Carreras E, Kovats S. Girl Power: Estrogen Promotes HSC Self-Renewal. Cell Stem Cell 14:137-138, 2014. [Abstract]
* Hu T, Wang H, Simmons A, Bajana S, Zhao Y, Kovats S, Sun XH, Alberola-Ila J. Increased Level of E Protein Activity during Invariant NKT Development Promotes Differentiation of Invariant NKT2 and Invariant NKT17 Subsets. J Immunol 2013. [Abstract] EPub
Bajaña S, Roach K, Turner S, Paul J, Kovats S. IRF4 Promotes cutaneous dendritic cell migration to lymph nodes during homeostasis and inflammation. J Immunol 189:3368-3377, 2012. [Abstract]
Kovats S, Carreras E. Regulation of dendritic cell differentiation and function by estrogen receptor ligands. Cell Immunol 252:81-90, 2008. [Abstract]
Mao A, Paharkova-Vatchkova V, Hardy J, Miller MM and Kovats S. Estrogen selectively promotes the differentiation of dendritic cells with characteristics of Langerhans cells. J Immunol 175:5146-5151, 2005. [Abstract]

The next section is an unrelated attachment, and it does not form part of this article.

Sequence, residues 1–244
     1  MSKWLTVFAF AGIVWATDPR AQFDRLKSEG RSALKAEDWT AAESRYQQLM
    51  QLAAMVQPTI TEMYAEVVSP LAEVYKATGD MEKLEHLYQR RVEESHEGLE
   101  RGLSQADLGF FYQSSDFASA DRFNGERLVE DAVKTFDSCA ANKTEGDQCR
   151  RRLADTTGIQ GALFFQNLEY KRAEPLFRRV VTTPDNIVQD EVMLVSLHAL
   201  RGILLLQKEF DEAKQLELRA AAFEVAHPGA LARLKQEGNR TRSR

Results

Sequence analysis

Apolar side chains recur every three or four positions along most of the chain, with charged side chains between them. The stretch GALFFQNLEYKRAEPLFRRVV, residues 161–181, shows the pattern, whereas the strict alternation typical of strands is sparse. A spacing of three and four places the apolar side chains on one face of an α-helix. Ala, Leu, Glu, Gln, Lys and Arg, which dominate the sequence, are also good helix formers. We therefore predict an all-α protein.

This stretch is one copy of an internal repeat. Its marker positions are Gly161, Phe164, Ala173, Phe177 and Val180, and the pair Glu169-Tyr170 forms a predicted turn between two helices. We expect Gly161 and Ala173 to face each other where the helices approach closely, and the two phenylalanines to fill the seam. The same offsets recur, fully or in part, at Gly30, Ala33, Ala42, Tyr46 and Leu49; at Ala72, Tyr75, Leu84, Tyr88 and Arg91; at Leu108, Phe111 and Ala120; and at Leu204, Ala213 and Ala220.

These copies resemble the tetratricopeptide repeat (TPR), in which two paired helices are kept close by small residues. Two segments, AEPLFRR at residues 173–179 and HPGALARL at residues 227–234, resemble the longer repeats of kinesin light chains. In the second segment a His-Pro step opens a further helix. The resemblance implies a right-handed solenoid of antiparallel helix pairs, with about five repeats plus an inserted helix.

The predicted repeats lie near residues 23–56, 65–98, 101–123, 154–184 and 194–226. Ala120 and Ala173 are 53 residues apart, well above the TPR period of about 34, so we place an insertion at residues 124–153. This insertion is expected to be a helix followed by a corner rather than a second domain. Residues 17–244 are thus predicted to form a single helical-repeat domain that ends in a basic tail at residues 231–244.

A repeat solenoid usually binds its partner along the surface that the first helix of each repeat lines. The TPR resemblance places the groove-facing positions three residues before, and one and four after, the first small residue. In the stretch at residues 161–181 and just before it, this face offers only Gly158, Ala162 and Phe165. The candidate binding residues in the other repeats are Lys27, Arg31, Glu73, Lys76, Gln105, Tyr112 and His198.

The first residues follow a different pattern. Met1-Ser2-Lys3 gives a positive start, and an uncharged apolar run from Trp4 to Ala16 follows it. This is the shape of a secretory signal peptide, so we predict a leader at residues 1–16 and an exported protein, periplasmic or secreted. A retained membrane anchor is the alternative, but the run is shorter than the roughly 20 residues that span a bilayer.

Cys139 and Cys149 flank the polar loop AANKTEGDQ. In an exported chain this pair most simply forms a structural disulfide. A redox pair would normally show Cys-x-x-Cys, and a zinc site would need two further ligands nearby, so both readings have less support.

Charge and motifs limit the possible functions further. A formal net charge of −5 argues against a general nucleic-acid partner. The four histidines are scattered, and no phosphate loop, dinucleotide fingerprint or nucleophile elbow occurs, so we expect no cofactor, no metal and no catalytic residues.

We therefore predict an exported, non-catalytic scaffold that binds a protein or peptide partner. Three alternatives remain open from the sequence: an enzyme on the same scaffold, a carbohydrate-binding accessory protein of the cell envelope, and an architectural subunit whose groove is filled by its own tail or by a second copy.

Nalbandian G, Paharkova-Vatchkova V, Mao A, Nale S, and Kovats S. The selective estrogen receptor modulators, tamoxifen and raloxifene, impair dendritic cell differentiation and activation. J Immunol 175:2666-2675, 2005. [Abstract]
Nalbandian, G. and Kovats, S. Understanding sex biases in immunity: Effects of estrogen on the differentiation and function of antigen presenting cells. Immunol Res 31:91-106, 2005. [Abstract]
Agrawal H, Jacob N, Carreras E, Bajana S, Putterman C, Turner S, Neas B, Mathian A, Koss MN, Stohl W, Kovats S, Jacob CO. Deficiency of type I IFN receptor in lupus-prone New Zealand mixed 2328 mice decreases dendritic cell numbers and activation and protects from disease. J Immunol 183:6021-6029, 2009. [Abstract]
Carreras E, Turner S, Paharkova-Vatchkova V, Mao A, Dascher C, Kovats S. Estradiol acts directly on bone marrow myeloid progenitors to differentially regulate GM-CSF or Flt3 ligand-mediated dendritic cell differentiation. J Immunol 180:727-738, 2008. [Abstract]
Arthritis & Clinical Immunology Research Program, MS 24
Oklahoma Medical Research Foundation
825 N.E. 13th Street
Oklahoma City, OK 73104
Phone: (405) 271-8583
Fax: (405) 271-7063